Figures are an important part of any scientific document. While the kind of figure commonly used obviously varies between disciplines, charts are an important part of many publications. There are two problems in how charts are currently used:
Ross Mounce and others did a Figures → Data project at the recent hack4ac to extract data from figures, described in a blog post. The experience was painful, even though they started with a really simple chart.
While we should of course publish all data associated with a paper, the smarter strategy to overcome the two limitations above would be to embed the data used for a chart directly into the document. We have many tools that can accomplish this, and I have given an example using R in an earlier blog post. The problem is the sometimes steep learning curve.
One approach is to build an easy-to use online tool, and Datawrapper is exactly that:
An open source tool helping anyone to create simple, correct and embeddable charts in minutes.
Most journal articles see the highest usage immediately after publication, and the light purple line shows this pattern for Darcy et al. (2009). The dark purple line for Moher et al. (2009) – published on the same day – on the other hand shows a highly unusual usage pattern, as the usage actually increases over time, starting about 1 1/2 years after publication. The article is a guideline for reporting systematic reviews and meta-analyses, and is now viewed more often than directly after publication four years ago.
Datawrapper does three things: it makes it easy to generate charts, it allows you to embed them directly into your webpage (using an
Datawrapper is a perfect tool for science blogs and websites with scientific content, but it can also enhance the charts in scientific articles. We need a few additional chart types, error bars and more flexible labeling. And we might want to add a license picker, making it easy to add a Creative Commons license so that it is clear how the chart can be reused. Datawrapper is intended for online use, but the service can also save the charts as PNG or PDF. We would want to add saving to SVG (already used for online rendering) for easier embedding into the XML and ePub versions of articles.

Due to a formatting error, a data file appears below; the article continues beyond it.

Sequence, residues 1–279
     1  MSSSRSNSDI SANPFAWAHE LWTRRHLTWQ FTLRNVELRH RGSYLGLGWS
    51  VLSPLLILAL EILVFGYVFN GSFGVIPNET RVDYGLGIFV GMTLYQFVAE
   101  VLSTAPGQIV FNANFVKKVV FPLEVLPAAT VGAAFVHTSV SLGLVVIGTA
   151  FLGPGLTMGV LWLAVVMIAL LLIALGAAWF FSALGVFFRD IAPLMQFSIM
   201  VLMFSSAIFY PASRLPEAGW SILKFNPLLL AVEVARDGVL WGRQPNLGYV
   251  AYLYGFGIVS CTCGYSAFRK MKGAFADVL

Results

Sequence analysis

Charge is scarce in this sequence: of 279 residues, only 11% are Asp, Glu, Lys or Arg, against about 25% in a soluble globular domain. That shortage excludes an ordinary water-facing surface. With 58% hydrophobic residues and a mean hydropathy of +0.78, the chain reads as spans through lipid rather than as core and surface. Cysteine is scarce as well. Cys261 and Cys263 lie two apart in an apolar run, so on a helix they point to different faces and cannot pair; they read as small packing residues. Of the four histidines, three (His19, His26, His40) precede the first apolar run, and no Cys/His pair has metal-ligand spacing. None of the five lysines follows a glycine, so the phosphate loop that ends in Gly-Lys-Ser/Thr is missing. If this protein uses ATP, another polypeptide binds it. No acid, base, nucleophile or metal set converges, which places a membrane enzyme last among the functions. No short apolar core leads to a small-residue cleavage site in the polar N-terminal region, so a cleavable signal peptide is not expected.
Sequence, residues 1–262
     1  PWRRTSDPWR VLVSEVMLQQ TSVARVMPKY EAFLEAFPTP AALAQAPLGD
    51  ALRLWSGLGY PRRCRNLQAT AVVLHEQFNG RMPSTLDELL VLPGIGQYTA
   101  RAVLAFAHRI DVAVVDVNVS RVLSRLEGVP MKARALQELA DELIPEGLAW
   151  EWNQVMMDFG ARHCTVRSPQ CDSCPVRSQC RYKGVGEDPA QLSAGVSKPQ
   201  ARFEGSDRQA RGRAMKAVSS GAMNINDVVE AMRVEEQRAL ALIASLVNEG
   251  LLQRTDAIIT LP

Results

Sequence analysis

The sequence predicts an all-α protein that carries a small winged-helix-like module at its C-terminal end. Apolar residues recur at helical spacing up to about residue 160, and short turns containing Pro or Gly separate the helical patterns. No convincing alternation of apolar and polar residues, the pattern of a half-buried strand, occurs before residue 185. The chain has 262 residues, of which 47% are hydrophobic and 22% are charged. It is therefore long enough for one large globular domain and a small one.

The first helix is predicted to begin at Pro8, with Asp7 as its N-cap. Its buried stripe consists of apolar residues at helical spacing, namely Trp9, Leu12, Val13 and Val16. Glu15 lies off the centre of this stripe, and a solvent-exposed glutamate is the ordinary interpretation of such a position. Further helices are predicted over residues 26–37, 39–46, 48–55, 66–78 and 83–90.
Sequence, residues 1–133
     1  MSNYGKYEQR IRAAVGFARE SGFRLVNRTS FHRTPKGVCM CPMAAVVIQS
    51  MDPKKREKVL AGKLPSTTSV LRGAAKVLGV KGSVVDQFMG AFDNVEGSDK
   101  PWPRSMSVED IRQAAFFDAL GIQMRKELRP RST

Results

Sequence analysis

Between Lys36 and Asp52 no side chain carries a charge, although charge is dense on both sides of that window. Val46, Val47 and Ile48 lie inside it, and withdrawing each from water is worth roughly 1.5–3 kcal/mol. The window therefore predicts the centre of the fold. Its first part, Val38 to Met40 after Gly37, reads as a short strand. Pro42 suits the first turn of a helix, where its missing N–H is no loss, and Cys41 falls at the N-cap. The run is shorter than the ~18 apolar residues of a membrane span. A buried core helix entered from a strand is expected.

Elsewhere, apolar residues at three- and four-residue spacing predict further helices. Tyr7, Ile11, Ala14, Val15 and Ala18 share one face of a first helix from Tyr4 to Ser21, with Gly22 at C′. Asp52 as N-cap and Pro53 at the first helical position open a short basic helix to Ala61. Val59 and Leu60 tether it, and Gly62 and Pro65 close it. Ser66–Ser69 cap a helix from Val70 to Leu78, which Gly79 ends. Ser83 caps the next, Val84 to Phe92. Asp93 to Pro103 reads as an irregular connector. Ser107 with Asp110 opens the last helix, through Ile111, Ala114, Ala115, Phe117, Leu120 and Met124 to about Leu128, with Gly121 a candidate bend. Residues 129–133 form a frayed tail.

D’Arcy, E., & Moynihan, R. (2009). Can the relationship between doctors and drug companies ever be a healthy one? PLoS Medicine, 6(7), e1000075. Retrieved from http://doi.org/10.1371/journal.pmed.1000075
Moher, D., Liberati, A., Tetzlaff, J., & Altman, D. G. (2009). Preferred reporting items for systematic reviews and meta-analyses: The pRISMA statement. PLoS Medicine, 6(7), e1000097. Retrieved from http://doi.org/10.1371/journal.pmed.1000097
Visualizing Scholarly Content
One topic I will cover this Sunday in a presentation on Open Scholarship Tools at Wikimania 2014 together with Ian Mulvany is visualization.Data visualization is all about telling stories with data, something that is of course not only important for scholarly content, ...
Why can’t I reuse these tables and figures?
Tables and figures contain the data of a scientific paper in condensed (and often visually appealing) form. This is why they are among the first thing we look at, and why they are often reused when we discuss the paper in a presentation or blog post.From https://doi.org/10.1371/journal.ppat.1001042. ...
Using d3.js to visualize Article-Level Metrics over time